Arts and Entertainment Editor
In the event of Women’s History Month, it is important that we evaluate where we, as a nation, stand in terms of gender equality and women’s rights.
Now, I know what you’re thinking: Why are we still talking about this? Women got to vote in 1920 with the 19th Amendment. We are a modern society that is much more open and accepting than the people of the past. What more is there to talk about?
And if you are thinking this, you’re not wrong – we have come a lot further in terms of gender equality since 1920. However, there are still some inherently problematic symptoms of gender inequality that plague our nation and its people.
Let’s start with everyone’s favorite topic: the gender and wage gap in the workplace. Yes, despite what you may have been told, it does still exist.
According to an article published by the Washington Post in 2018 entitled “Gender inequality in the workplace is not just a women’s issue,” the National Women’s Law Center found that “a woman will earn $418,800 less than the average man over a four-decade career; that deficit jumps to close to $1 million for African American women and even higher for Latinos.”
The same article also quotes a study done by Yale that found that the voices of women are often not heard during workplace meetings – where male executives speak 75 percent of the time.
Not only do women not make the same amount as a man for doing the same job, but their opportunities to apply themselves to the job at hand and possibly better the company with their ideas and innovations are also continuously undervalued or silenced.
But the workplace isn’t the only situation where gender inequality has continued to be a problem – according to the National Sexual Violence Resource Center, “One in five women and one in 71 men will be sexually assaulted at some point in their lives.”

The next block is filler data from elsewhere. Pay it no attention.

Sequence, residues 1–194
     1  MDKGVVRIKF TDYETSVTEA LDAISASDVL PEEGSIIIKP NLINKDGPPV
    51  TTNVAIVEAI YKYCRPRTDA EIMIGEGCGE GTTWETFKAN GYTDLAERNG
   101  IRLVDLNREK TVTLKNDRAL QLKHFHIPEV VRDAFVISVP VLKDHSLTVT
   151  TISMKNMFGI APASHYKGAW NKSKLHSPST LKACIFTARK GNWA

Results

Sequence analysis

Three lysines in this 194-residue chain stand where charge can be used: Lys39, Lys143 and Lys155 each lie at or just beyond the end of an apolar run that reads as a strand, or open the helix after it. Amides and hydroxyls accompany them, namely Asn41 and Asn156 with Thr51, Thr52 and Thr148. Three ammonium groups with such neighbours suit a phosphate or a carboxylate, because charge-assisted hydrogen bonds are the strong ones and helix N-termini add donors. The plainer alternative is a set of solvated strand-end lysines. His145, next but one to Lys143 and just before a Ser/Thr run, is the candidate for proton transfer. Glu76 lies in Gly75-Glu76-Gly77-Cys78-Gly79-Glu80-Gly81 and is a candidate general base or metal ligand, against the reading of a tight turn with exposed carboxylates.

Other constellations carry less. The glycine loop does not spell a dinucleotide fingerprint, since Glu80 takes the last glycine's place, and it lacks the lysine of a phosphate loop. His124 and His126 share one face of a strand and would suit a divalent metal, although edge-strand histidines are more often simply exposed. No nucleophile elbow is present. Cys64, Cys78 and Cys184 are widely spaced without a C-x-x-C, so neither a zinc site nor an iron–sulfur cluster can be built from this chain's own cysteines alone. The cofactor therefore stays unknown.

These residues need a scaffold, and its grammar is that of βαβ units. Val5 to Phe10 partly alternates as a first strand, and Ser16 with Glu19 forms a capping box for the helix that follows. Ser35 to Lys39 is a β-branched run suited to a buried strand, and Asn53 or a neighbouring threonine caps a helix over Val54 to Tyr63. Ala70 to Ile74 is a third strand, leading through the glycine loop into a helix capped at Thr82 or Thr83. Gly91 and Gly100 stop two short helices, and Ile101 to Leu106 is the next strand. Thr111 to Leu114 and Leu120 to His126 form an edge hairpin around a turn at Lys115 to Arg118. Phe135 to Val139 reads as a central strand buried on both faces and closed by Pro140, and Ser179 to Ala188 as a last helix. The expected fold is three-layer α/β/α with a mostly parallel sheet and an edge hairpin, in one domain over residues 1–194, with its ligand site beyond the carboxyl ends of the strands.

Twenty percent of women will experience the traumatic experience of sexual assault during their lifetime.
Not to mention, the average goes up when considering assaults on college campuses, where 20-25 percent of women and 15 percent of men experience assault during their time at school. Worse still, more than 90 percent of these assaults go unreported.
However, the assault itself isn’t the only problem. Not only are these victims assaulted, but then if they do report the assault, they are subjected to unfair questioning on where they were, what they were wearing, how much they were drinking – all playing into our nation’s history of victim shaming.
Then, even after all this pain and violence and trauma, the victims must watch as their violators are given minimal sentences of six months (sometimes only serving three months for “good behavior” in the case of the Stanford rapist, Brock Turner), become Supreme Court judges, or even presidential candidates and leaders.
They degrade and sexualize women with dehumanizing phrases like “20 minutes of action” and refer to women as body parts to be grabbed at will.
And while I realize that such terms might be offensive to some, imagine hearing it, as a woman, in connection to discussing a woman’s worth from the man who would later be named President of the United States.
Our country has made immense strides in recent years with the creation of the #MeToo movement and the loss of elections and positions by those reported to be sexual assaulters, such as Roy Moore who was part of the Alabama Senate race.
However, there’s still more we could be doing to be better. As a nation, we could be more open, more inviting, and a safe space for citizens of all genders, races, religions, sexual orientations, and ways of life.
We must not become complacent in our ongoing war for equality. Continue fighting, America. Be a country where we can be proud to raise our children.